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In this issue, we focus on just a few of the fundamentals that I believe every writer needs to rely on as they progress in their journey to becoming a bestselling author. I’ll take a leap of faith and say that the reason you’re reading this right now is because you want to become a bestselling author.

Well, I believe you can do it. After all, if I managed to pull it off, you sure as hell can!

Let’s step back for a moment and start at the beginning. So many writers fall victim to self-doubt, getting themselves trapped in an often relentless rut before they have even left the gate. So, for those of you reading this who have become caught in this rut, let’s talk about why you haven’t started writing your story yet. For most, it isn’t the fear of starting the book at all; rather, it is the fear of criticism when the work is finished.

The first thing one must do is find the courage to write. No matter what, you just have to do it. Pick up the pen, or start typing at your keyboard, and never look back. Write that book you’ve been thinking about for years. I know, you have a thousand concerns––countless “what if’s.” What if my novel is poorly written? What if no one likes it? What if it doesn’t sell? But, think about this: what if it does sell? In fact, what if you become the next huge breakout New York Times bestseller? The only––and do I mean, the only––question that matters, is “what if I never start at all?” If you never pick up that pen, never start tapping at that keyboard, you can forget about every other “what if” that has ever come between you and writing your book. How many people can say, “You know what? I have written and published a book!” Trust yourself. And trust your novel.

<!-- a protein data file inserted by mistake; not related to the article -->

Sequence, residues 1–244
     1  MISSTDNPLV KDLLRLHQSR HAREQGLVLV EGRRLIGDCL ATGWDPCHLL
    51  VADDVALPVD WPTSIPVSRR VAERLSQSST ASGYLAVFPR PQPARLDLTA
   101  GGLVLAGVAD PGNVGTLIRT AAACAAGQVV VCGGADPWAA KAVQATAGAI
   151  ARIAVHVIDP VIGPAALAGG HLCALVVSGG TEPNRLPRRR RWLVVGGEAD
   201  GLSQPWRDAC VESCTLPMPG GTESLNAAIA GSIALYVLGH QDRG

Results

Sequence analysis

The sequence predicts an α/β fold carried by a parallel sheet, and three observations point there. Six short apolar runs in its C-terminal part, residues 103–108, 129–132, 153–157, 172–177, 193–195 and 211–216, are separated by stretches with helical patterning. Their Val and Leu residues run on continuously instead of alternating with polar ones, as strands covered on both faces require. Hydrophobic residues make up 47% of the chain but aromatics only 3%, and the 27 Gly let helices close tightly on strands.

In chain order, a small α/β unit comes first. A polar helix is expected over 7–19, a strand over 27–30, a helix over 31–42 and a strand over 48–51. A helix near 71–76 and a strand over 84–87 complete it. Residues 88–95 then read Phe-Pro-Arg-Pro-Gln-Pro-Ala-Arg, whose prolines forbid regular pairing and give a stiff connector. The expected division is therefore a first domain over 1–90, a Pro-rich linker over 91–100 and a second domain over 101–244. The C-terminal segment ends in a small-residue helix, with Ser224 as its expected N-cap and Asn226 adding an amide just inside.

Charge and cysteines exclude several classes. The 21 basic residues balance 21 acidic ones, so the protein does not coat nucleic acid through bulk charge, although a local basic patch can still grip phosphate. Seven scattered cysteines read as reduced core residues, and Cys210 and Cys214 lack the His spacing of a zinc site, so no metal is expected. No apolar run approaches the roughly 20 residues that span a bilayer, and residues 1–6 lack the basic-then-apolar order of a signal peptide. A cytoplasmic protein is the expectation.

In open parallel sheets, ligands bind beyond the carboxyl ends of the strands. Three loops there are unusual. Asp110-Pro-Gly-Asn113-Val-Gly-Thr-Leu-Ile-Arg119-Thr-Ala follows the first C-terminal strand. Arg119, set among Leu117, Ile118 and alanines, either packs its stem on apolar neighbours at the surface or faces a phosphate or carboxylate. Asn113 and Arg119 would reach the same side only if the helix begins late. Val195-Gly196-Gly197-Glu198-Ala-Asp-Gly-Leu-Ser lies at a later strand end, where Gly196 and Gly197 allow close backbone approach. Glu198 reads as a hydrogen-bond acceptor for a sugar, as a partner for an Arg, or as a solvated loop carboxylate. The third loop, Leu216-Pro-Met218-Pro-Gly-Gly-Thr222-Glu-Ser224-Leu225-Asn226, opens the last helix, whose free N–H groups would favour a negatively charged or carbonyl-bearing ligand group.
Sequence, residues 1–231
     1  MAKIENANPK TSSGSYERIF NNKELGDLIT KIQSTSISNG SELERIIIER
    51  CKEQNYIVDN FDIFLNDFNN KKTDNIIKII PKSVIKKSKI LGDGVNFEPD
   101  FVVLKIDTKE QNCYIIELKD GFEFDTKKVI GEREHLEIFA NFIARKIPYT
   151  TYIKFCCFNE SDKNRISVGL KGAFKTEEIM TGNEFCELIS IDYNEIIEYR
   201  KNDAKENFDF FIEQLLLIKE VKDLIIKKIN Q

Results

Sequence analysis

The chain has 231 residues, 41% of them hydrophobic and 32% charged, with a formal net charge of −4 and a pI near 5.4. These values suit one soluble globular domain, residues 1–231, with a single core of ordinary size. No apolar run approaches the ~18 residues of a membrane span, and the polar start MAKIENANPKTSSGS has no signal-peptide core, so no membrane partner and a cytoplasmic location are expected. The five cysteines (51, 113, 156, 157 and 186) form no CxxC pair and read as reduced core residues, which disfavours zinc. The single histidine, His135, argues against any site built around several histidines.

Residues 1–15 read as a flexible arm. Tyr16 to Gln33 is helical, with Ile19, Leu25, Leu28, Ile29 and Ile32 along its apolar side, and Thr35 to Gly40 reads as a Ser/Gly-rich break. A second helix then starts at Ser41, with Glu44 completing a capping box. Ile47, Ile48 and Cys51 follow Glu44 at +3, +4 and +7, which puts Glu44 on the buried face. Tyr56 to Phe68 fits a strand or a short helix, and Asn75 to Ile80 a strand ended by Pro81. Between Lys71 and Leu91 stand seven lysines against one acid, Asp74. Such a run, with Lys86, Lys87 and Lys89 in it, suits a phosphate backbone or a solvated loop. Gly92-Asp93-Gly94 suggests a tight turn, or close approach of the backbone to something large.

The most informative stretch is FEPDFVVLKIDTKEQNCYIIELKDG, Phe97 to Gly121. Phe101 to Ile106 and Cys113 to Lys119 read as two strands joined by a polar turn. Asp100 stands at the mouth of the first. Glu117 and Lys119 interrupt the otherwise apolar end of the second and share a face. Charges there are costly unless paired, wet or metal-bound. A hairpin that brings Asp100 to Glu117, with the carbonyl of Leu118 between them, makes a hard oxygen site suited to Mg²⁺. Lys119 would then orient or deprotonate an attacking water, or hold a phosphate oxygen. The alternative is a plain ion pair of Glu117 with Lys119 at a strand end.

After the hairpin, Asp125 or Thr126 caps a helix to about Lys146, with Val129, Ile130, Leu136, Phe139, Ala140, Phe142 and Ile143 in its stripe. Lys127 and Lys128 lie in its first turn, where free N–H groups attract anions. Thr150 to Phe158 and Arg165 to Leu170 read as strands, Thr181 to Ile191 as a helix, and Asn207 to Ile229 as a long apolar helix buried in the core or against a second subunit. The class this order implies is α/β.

So, let’s discuss some key fundamentals––foundations you will need as you write.

    First, prepare yourself to become a great writer. 

  1. That means, first and foremost, you are a great reader. 
  2. Know the genre you’ve selected for your novel and study it (by reading it).
  3. Understand that some level of talent is required. However, this is not some freakishly unique talent dispensed to the chosen few. No, I’m talking about the type of talent most reasonably intelligent and creative people already possess. Keep this Stephen King quote in mind; "Talent is cheaper than table salt. What separates the talented individual from the successful one is a lot of hard work.” In the end, it’s going to be your commitment, dedication, and love of writing, which will set you apart from the millions who never start and never finish their bestselling novel.
  4. Find and nurture strong self-belief, courage, motivation, determination, and 2-inch thick rhino skin––believe me, you’re going to need it.
  5. Have knowledge of your subject matter (or, and this is key, you can learn it).
  6. Become knowledgeable in the craft of writing. Merely learning the “rules” of novel writing isn't enough. Sure, knowing the rules is a must. However, you ultimately need to become proficient at your craft, just like every other successful novelist. You must know and understand the rules, and––over time––develop the sensibility for how to effectively break them. This is the key to mastering the craft of writing a bestselling novel. Where do you gain this knowledge? From endlessly reading great books and relentlessly writing. The more you read, the more what you read translates into how you write. Then, practice, practice, practice!